Hi everyone! Today’s post is a bit different from my usual ones as you know-if you’re a regular reader of my posts- that I post book reviews mostly. If you ever wanted to chat with a bookstagrammer who’s also a self-published writer then, let me introduce you to Fathima Ashab(@fathima.ashab)!
I interviewed Fathima a while ago and am so thankful for her thoughtful answers to my questions! She posts informative and entertaining Instagram reels(and videos) about topics like reading, content creation, book recommendations, etc. Please give her follow her blog a follow and you can find her book Hold Me While I Fix Myself on Amazon.
Here’s what she had to say about a normal day in her life, why book content creators should be paid, three things she would like to change about the book community and lots more!!
- Can you describe your normal weekday for me?
On a typical day, I start by working on my novel or any other writing projects first thing in the morning so that I will not skip it due to any other unforeseen work later. Then, plan for the day according to the priorities and tackle them one by one. My evenings are only for reading and listening to podcasts. Sometimes, I do writing sprints when I am not in the mood to read.
- Would you introduce yourself as a Bookstagrammer or a Book blogger?
They are more or less the same but since I am more into micro-blogging, I would rather call myself a Bookstagrammer than a book blogger. Plus, Bookstagram is time efficient and easy to grow an audience compared to traditional blogging where so many other aspects are to be considered like SEO, e-mail sign-ups, keywords, and much more.
- When and why did you start reviewing books?
My friend and I used to talk about every book we read when we were in college. But, after I graduated, I had no way to vent out my book hangovers and ramblings. That’s when I stumbled upon the book community on Facebook four years ago. And then, I switched to Bookstagram three years back where I met some of the amazing people who made the process even more fun. Even though our community has pros and cons, I have grown attached to the like-mindedness of the people in it and I can’t imagine a life without it.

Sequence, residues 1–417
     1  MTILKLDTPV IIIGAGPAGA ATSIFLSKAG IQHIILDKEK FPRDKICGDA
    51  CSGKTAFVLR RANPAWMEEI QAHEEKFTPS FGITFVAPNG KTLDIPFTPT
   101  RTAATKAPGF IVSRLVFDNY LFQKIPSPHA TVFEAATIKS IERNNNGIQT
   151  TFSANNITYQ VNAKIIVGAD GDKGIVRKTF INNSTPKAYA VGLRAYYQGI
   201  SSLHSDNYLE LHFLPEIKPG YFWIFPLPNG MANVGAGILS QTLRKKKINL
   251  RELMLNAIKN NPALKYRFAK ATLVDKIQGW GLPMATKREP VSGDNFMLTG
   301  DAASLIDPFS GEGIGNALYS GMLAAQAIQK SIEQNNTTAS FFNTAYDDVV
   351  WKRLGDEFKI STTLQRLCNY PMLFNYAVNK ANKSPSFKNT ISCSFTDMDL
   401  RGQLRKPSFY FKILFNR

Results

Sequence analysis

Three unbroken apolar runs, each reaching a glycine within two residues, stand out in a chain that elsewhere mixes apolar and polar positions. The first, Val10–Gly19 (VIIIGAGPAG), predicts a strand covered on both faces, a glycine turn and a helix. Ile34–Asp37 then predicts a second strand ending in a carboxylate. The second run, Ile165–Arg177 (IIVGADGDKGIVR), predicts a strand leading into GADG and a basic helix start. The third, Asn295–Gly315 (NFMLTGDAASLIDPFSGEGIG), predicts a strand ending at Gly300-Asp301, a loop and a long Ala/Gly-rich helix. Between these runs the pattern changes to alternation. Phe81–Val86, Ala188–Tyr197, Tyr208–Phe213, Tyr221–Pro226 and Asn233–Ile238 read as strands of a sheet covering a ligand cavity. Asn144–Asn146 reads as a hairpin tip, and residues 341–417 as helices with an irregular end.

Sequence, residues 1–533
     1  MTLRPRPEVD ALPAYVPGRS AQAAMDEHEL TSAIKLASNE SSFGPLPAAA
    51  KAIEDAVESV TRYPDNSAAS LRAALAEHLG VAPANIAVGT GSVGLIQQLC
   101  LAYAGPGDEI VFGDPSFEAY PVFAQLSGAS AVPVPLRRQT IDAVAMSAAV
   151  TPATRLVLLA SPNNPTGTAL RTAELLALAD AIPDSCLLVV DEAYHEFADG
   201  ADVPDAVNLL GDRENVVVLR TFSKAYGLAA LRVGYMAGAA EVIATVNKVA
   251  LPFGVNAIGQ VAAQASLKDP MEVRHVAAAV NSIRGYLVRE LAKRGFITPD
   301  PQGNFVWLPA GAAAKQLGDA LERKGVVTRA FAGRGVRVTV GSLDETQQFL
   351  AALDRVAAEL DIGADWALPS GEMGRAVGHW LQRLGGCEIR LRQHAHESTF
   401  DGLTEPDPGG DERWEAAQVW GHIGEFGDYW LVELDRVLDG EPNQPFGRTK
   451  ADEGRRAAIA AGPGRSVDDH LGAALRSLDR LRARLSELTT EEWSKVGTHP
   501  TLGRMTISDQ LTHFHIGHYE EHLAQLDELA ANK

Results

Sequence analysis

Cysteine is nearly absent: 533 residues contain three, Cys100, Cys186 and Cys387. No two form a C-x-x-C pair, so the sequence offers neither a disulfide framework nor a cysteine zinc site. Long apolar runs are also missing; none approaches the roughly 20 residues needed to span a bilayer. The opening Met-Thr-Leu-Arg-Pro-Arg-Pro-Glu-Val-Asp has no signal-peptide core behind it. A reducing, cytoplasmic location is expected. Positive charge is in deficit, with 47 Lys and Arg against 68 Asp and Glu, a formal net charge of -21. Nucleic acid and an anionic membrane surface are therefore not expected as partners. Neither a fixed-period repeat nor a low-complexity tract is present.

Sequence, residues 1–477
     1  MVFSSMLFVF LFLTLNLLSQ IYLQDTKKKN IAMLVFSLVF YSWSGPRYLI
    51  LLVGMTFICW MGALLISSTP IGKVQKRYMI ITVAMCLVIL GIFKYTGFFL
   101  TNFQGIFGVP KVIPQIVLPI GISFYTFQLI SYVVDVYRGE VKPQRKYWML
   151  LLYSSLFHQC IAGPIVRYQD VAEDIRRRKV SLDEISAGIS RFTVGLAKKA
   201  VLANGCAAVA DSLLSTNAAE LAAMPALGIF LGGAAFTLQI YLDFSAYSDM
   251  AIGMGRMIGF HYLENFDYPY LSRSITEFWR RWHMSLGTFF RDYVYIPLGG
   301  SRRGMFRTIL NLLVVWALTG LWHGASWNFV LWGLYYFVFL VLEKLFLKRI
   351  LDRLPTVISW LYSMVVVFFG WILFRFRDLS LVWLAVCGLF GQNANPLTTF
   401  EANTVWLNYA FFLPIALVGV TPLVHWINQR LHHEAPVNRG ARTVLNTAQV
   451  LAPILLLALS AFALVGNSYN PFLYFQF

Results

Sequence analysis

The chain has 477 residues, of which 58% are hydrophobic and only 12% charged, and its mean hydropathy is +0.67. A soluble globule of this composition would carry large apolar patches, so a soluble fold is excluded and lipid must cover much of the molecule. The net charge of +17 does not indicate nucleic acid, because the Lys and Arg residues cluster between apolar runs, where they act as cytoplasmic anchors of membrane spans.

- Did you take any breaks from your bookstagram/blog? Why?
I have taken many breaks during the three years of my Bookstagram journey and it’s always when I am in a reading slump. It’s hard to make content and interact when my creative-self becomes drained and I need to stay away from the things that trigger me into thinking I am less productive if I am not doing anything worthy of progress.
- Do you have a day job? If yes, then what is it? And, how do you balance your job and Bookstagram/book blog?
No, I am actually helping my mum with her business and ever since the pandemic, I am not even going to the part-time teaching job. So, when everything gets back to normal, it will be a little difficult to post more consistently on Bookstagram. But, I am a planner through and through. So, I plan my content beforehand for at least a week and take all the pictures during the weekend so that it will be easy for me to manage the blog throughout the week without much fuss.